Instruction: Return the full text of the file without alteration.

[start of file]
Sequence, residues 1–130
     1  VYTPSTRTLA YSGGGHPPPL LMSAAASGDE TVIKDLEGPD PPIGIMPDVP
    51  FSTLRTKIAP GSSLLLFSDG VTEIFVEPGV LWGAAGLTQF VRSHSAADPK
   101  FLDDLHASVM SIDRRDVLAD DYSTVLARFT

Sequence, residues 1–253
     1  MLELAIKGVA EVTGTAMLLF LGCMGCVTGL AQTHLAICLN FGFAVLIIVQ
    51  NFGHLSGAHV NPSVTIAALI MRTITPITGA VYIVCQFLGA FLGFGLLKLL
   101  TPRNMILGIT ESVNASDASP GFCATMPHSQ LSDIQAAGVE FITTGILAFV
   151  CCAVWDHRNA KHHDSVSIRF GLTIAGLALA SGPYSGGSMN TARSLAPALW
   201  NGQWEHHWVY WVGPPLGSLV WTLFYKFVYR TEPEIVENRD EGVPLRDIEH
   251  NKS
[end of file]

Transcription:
Sequence, residues 1–130
     1  VYTPSTRTLA YSGGGHPPPL LMSAAASGDE TVIKDLEGPD PPIGIMPDVP
    51  FSTLRTKIAP GSSLLLFSDG VTEIFVEPGV LWGAAGLTQF VRSHSAADPK
   101  FLDDLHASVM SIDRRDVLAD DYSTVLARFT

Sequence, residues 1–253
     1  MLELAIKGVA EVTGTAMLLF LGCMGCVTGL AQTHLAICLN FGFAVLIIVQ
    51  NFGHLSGAHV NPSVTIAALI MRTITPITGA VYIVCQFLGA FLGFGLLKLL
   101  TPRNMILGIT ESVNASDASP GFCATMPHSQ LSDIQAAGVE FITTGILAFV
   151  CCAVWDHRNA KHHDSVSIRF GLTIAGLALA SGPYSGGSMN TARSLAPALW
   201  NGQWEHHWVY WVGPPLGSLV WTLFYKFVYR TEPEIVENRD EGVPLRDIEH
   251  NKS